U.S. Pat. No. 5,839,972 Nov. 24, 1998
This device which may be stored in a golfer's pocket or clipped to his belt, fastens on the end of a golf club when in use. During use the device uses a threaded plunger to engage the golf ball and thrust it against a captive tee. The ball and tee are placed on the driving tee and the plunger is retracted by unscrewing the plunger to a backed off position. Note that this device has a ball and tee retrieval capability, and the device is said to be capable of retrieving a putted golf ball from a cup. This device is not an independent self standing device, and the height of the teed up golf ball is at best done by an educated guess.
U.S. Pat. No. 5,772,533 Jun. 30, 1998
This device is especially interesting because it is compact; it fits on the end of a driver and clips to a golf bag or golfer's belt when not in use. The device utilizes a foam material (commonly used in ear plugs) to hold a “loaded” golf ball and tee in the device. Because of the foam material's peculiar behavioral delay in recovering its shape after being physically distorted, it is compressed during a ball teeing up operation and remains compressed (and retracted from the ball) to allow the golfer to remove the device from the teed up golf ball. The main disadvantage of this device lies in the failure of the foam material to perform its normal function when saturated with water. Other short comings are the lack of any depth control in placing a ball on a tee, and the “tight” dimensional confinement of a golf ball in the device which can cause dislodgment of the golf ball from the tee as the device is being removed from a teed up ball. There appears to be no adjustment on tee height.
U.S. Pat. No. 5,759,117 Jun. 2, 1998
This device utilizes an auxiliary depressible knob on the end of a shaft to actuate a ball captivating device on the other end of the shaft. The ball is set on a tee in the device with a cap locking ball and tee in place in the device. The ball and tee are placed in the turf and the knob releases the cap and the device may be removed. The disadvantages of this device are the lack of stability of device when not in use, and the lack of any positive adjustment on tee height. It is not seen how the device may easily retrieve a golf ball from the turf.
U.S. Pat. No. 5,707,303 Jan. 13, 1998
This device is intended to function as a cane and a golf ball teeing device. The device is capable of gripping and holding a golf ball and tee in position for subsequent placement in the turf of a driving tee. The ball and tee gripping members may be unlocked once the tee and ball are placed in the turf. The gripping members may be then actuated to form a weight bearing surface to function as a cane. There is no provision for tee height adjustment, no means to retrieve a dropped ball or a tee set in the ground. The device is not capable of standing by itself after use.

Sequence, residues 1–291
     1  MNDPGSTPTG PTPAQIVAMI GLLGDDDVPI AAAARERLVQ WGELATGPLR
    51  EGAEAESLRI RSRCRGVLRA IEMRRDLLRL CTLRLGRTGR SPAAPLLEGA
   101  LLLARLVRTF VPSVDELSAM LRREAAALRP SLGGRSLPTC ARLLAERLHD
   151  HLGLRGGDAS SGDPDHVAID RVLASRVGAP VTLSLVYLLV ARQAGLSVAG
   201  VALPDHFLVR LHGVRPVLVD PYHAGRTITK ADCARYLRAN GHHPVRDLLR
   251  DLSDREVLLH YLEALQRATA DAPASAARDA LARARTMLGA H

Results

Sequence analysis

U.S. Pat. No. 5,672,121 Sep. 30, 1997
This is a “clam shell” device which is spring loaded to hold a golf ball and tee captive therebetween during a ball and tee placement operation. The “clam shells” are retracted to release ball and tee once a teeing position is reached. The device is useful for retrieving dropped balls and may also be useful in retrieving placed tees. No height adjustment appears to be available for the ball on tee during a placement operation. The device is not self standing.
U.S. Pat. No. 5,645,498 Jul. 8, 1997
This device places a tee and ball separately and is capable of retrieving both golf balls and tees separately. No adjustment of tee height is given, and the device is not self standing.
U.S. Pat. No. 5,632,696 May 27, 1997
This is a cane like device which captures a golf ball and tee for placement in the turf. The ball and tee are pressed into the turf for driving and the gripping mechanism is retracted allowing the device to be lifted. This device has no tee height adjustment, and questionable ball retrieval capability.
U.S. Pat. No. 5,624,333 Apr. 29, 1997
This device uses a separate tee setting and ball placing apparatus. The tee is placed and the ball is placed on the tee.
The support rod and tee support member are rotated while the ball positioning member remains engaged with the ball. The ball positioning member is lifted upwardly to disengage the ball. No ball retrieval capability is foreseen and the device is not self standing.
U.S. Pat. No. 5,540,432 Jul. 30 1996